After collecting all the student responses, the authors focused on three key items: “your overall rating of this instructor is”, “what is your overall rating of this instructor’s teaching effectiveness”, and “your overall rating of this course is”. These items were all scored on a scale of 1-5, with 5 representing the most favorable answer. In addition, the authors collected the students’ GPA, their class level, their responses to items about the textbook and in-class activities, their expected grade in the course, and their gender. These should be the same between the two conditions within a single course if the students were randomly distributed, which the authors found to be true.
When looking at the results, the researchers found that students in the experimental group on average rated the female instructors 0.41 points higher overall and 0.30 points higher in teaching effectiveness. In addition, they rated the course overall as 0.51 points higher than the control group did. Figure 1 shows the distribution of responses.
On the other hand, students in the experimental group did not rate the male instructors more favorably than the students in the control group. That is, asking the students to recognize their possible implicit bias did not affect their perception of the male instructors, but caused the students to rate the female instructors more highly and on the same level as their male counterparts.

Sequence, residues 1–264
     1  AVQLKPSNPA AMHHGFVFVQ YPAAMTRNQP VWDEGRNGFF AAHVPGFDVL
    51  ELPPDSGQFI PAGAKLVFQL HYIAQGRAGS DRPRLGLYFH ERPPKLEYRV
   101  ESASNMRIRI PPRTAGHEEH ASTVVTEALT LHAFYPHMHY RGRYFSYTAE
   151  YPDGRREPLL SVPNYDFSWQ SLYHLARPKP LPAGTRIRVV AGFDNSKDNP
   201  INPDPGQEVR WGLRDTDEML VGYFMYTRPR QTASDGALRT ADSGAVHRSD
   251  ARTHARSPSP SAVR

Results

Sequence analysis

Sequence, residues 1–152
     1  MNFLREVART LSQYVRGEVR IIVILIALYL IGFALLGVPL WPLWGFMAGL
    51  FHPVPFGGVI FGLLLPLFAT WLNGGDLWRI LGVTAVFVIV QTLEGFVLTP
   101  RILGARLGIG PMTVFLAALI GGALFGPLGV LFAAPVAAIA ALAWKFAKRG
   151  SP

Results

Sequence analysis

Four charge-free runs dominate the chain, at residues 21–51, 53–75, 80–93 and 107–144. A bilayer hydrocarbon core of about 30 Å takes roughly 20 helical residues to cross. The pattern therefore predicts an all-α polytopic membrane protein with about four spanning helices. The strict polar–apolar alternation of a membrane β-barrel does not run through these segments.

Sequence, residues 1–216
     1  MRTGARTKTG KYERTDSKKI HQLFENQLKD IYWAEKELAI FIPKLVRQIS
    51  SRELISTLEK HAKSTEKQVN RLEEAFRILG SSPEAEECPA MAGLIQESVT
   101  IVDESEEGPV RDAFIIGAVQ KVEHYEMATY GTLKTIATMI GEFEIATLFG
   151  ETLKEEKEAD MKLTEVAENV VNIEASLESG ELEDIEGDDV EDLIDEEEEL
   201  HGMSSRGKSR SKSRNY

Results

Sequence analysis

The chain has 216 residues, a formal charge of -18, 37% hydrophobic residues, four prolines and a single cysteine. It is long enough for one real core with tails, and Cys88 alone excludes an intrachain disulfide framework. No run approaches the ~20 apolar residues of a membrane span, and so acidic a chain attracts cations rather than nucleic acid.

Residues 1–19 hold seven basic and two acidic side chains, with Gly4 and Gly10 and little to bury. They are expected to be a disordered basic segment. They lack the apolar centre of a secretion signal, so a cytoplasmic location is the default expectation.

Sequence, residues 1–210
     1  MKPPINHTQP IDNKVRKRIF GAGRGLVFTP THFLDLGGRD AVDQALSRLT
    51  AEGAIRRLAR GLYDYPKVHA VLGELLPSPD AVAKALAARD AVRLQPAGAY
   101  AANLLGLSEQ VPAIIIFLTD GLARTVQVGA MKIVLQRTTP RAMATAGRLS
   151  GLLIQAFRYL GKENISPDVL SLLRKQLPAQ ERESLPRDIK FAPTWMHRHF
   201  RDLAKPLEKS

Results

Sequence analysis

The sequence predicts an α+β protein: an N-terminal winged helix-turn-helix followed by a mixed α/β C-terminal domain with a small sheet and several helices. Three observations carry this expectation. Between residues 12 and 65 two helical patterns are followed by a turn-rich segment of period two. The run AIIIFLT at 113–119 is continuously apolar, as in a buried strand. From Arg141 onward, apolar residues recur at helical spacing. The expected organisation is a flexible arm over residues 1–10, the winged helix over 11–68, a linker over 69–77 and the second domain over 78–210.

When looking at the individual students, the authors noticed that women in the experimental group did not rate the female instructors more highly. However, when looking at the men in the experimental group, the evidence was mixed. Simply using summary statistics showed that the men in the experimental condition did rate the female instructors higher but post-hoc tests showed that the increase was not statistically significant. The authors suggest that this may be due to the limited sample size (only around 90 students in the courses taught by men).
The results of this study suggest that simply including a statement calling attention to implicit bias can help reduce the gap. In this case, the improvement in the female instructor’s scores was similar to the previously reported gender gap, suggesting that this technique may actually eliminate the gap. The authors caution that this intervention may only be a short term solution. Since the statement was novel to the students, they may have been more likely to read it while if all of their surveys contained the statement, they may just skip over it. Further, all of the instructors in the study were white so the results may not generalize to instructors of color, who also face bias on student evaluations. Thus, there may not be a way to fully counteract bias on student evaluations, but the results of this study suggest one possible direction.
Interested in exploring your own implicit bias. Try taking one of the tests: https://implicit.harvard.edu/implicit/takeatest.html
Figure used under CC BY 4.0.
I am a physics and computational mathematics, science, and engineering PhD student at Michigan State University and the founder of PERbites. I’m interested in applying machine learning to analyze educational datasets and am currently studying the physics graduate school admissions process.